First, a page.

• by Foofoobar (318279)
        A schema is an unnecessary step though. Nothing is added to make that a needed step in this case (except in large scale implementations where it may an easier level of maintenance). It justs adds an extra layer of complexity and slows down what could be a far speedier query process and development process.

        Not that I'm doing a bunch of cross database joins but I like to separate out my databases for future scalability on the network and schemas answer 70% of the solutions but leave others in the lurch as


        • Ok, so first you say:

          A schema is an unnecessary step though. Nothing is added to make that a needed step in this case (except in large scale implementations where it may an easier level of maintenance).

          Which is fine, as far as it goes, I guess. If you don't need it, then it doesn't serve a purpose for you.

          Not that I'm doing a bunch of cross database joins but I like to separate out my databases for future scalability on the network

          See, but whereas before you were complaining about how schemas add an unnece

          • by Foofoobar (318279)
            Not planning for scaling is a common failure of a bad developer. A good developer plans for scaling. Schemas arn't always a catchall solution. For instance, say I have a user table in one database but 16 other database have tables that have keys that reference that table. If I were to build schemas for EVERY function, I would have a SHITLOAD of schemas to manage. If I were to use ORM, I would have a bunch of bloated queries. Instead I can just build the queries as cross database joins and just manage the qu
            • Re: (Score:3, Informative)

              by ahodgson (74077)
              A PostgreSQL schema is just a namespace qualifier; it functions just like MySQL's cross-database joins and is conceptually similar. It isn't a full copy of your database DDL.
  • Will it be used? (Score:4, Informative)

    by Anonymous Coward on Monday February 04, 2008 @04:13PM (#22297666)
    I'm a postgresql fan, I've considered it a superior database for years.

    However, it seems every client I come into contact with (I am a freelance software designer) seems to believe mysql is the only open source database available and certainly the best one for all jobs.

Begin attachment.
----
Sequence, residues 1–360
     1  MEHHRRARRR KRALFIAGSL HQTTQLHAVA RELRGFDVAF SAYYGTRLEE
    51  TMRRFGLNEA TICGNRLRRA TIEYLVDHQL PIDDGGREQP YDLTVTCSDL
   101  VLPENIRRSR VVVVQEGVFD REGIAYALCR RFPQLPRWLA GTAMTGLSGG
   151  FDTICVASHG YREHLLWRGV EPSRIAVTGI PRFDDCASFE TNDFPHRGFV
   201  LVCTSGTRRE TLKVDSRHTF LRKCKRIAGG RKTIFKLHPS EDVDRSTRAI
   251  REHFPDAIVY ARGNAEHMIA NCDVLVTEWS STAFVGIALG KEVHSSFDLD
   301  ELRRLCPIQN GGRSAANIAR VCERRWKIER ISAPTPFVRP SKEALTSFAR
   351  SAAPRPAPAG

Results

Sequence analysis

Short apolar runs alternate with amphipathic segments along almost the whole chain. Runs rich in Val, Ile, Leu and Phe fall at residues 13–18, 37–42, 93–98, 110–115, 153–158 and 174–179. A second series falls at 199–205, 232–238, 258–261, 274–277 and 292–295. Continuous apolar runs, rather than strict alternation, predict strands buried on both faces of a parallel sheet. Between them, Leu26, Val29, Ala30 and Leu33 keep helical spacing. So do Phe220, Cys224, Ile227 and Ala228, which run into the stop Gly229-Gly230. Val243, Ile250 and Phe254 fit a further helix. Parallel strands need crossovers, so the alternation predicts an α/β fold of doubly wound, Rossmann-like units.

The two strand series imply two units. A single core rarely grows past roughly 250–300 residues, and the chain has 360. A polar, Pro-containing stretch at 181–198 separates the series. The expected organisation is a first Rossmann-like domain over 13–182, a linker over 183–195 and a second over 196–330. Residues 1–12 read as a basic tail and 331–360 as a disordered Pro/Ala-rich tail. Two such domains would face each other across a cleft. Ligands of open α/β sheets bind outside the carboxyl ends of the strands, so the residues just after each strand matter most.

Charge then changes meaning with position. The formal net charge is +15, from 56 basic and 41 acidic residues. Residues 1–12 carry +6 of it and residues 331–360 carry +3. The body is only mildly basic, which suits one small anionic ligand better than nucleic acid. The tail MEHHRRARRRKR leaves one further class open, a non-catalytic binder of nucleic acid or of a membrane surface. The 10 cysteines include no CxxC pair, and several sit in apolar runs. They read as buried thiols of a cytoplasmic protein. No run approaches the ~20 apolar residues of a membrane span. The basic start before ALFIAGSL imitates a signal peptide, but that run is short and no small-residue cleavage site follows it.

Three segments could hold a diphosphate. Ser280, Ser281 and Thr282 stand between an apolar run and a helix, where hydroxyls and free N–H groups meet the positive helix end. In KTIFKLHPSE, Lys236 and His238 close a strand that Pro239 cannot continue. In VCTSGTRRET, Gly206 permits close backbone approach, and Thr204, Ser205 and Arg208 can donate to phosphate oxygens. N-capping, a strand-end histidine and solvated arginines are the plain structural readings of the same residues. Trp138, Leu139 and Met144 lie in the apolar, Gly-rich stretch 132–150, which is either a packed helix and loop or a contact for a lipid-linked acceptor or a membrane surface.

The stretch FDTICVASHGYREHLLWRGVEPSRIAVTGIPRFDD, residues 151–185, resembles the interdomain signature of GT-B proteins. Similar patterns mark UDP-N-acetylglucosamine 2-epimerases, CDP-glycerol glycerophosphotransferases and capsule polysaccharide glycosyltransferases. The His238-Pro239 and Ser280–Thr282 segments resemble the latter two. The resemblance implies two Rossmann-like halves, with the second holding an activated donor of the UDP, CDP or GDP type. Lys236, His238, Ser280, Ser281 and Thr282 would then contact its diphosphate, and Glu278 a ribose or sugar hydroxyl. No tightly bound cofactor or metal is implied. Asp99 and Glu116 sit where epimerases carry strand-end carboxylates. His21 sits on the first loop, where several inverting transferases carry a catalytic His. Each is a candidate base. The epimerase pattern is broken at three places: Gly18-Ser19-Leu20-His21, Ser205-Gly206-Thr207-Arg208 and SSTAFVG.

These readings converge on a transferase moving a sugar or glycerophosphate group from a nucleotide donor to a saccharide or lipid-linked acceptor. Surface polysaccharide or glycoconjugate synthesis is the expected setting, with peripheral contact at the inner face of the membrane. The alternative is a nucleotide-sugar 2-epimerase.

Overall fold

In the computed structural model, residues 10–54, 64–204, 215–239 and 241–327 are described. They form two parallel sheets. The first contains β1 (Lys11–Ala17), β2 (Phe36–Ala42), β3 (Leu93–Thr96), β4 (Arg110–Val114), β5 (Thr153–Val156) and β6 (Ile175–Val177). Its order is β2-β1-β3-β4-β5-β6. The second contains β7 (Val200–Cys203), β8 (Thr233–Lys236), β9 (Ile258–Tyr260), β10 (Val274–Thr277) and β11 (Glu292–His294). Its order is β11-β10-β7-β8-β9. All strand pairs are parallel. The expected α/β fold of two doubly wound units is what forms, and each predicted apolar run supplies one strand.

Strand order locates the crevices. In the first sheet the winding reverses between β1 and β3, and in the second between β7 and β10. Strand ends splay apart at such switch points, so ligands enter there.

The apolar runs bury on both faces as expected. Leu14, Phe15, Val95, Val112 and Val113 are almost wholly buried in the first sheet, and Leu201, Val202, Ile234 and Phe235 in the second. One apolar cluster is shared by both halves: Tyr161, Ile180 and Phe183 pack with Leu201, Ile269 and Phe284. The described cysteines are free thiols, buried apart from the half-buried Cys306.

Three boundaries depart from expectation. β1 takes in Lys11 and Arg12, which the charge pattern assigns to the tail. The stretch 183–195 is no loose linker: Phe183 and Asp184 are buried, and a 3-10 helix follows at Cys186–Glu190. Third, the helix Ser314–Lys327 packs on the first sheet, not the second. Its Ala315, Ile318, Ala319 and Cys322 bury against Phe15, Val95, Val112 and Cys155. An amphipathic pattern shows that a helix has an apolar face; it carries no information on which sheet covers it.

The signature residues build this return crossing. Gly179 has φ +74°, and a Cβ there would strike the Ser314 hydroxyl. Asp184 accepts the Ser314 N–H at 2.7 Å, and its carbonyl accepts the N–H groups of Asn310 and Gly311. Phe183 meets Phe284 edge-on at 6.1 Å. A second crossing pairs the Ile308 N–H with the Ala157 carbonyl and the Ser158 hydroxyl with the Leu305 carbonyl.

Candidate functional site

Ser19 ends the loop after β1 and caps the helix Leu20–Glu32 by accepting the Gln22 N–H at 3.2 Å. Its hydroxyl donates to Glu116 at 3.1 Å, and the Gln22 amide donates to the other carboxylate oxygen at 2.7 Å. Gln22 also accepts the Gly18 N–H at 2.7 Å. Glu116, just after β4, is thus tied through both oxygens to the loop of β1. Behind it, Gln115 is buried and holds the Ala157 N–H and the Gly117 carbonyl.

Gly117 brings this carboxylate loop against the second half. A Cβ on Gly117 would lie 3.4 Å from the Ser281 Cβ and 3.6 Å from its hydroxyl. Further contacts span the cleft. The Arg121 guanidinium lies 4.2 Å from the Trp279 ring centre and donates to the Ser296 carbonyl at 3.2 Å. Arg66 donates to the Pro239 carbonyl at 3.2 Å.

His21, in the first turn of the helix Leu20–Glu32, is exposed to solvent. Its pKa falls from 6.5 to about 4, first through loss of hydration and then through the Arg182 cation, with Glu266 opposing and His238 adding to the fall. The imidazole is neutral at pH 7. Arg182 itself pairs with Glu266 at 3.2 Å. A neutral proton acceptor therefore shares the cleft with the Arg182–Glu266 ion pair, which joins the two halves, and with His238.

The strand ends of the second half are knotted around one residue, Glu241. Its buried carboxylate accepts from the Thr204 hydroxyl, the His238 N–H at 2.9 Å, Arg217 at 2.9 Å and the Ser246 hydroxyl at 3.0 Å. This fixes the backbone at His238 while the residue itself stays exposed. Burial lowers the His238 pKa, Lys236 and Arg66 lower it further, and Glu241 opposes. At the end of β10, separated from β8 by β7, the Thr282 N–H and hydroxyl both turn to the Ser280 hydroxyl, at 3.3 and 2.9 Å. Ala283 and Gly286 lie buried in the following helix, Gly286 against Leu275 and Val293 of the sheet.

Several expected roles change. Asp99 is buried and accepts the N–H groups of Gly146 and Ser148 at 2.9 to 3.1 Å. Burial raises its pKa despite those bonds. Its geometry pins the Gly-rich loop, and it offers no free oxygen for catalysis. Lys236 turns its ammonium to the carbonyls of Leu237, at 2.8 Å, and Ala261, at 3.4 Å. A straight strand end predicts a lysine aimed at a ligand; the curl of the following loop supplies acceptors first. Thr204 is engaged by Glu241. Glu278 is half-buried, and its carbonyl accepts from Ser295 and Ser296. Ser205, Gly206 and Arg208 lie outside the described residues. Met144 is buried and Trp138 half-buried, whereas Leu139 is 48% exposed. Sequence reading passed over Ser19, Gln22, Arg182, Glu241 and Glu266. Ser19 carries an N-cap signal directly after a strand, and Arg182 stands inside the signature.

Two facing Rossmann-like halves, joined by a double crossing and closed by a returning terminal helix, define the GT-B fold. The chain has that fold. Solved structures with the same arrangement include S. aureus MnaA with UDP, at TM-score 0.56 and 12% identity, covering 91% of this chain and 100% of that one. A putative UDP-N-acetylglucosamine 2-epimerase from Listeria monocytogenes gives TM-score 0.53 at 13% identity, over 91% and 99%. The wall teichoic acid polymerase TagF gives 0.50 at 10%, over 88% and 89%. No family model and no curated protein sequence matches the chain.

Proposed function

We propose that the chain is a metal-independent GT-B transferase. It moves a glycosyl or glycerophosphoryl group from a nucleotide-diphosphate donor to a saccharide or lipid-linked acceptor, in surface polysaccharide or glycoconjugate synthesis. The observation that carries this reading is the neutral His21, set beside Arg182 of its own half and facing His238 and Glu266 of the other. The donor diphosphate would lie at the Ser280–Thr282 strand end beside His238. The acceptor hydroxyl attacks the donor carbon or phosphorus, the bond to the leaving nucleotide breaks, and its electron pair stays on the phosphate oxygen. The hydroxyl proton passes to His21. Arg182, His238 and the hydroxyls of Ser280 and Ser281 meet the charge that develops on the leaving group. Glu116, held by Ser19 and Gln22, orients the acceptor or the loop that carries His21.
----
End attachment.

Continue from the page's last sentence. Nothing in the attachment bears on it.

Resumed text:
Mysql is great (or at least, was great) for fast connection times and speed but for a stable, feature-rich excellent database, postgresql has always been ideal.

    It's just a shame no one seems to be aware of it.

    • Re: (Score:3, Informative)

      by cheater512 (783349)
      People like myself who design software requiring a database usually prefer speed over features.
      Thats why MySQL is usually chosen.
      • by ByteSlicer (735276) on Monday February 04, 2008 @05:35PM (#22299052)
        That, and people are more likely to remember 'My' than 'Postgre'.
      • Re:Will it be used? (Score:4, Interesting)

        by jadavis (473492) on Monday February 04, 2008 @06:30PM (#22299872)
        People like myself who design software requiring a database usually prefer speed over features.

        Keep in mind that PostgreSQL may have more stable performance for a varied workload. That may mean fewer surprise slowdowns for you.

        I don't know your specific situation, but you may want to re-evaluate postgresql for your needs, especially if you care about performance -- PostgreSQL made leaps and bounds in this area in 8.3. I'm not sure what the last version you tried was, but 8.2 was a good performance boost as well.

        And if it still doesn't hold up to your expectations, please post your benchmarks to pgsql-performance, so that others can either help you meet the needs, or improve postgresql for the future.

        I would think also, as a developer, you might like the data integrity available in PostgreSQL that can help catch tough bugs early. Also, MySQL has many configurable options that may make your application not work and your customers unhappy (including table type -- changing table types from MyISAM to InnoDB or vice-versa may break applications). PostgreSQL's options (for the most part) don't affect the application.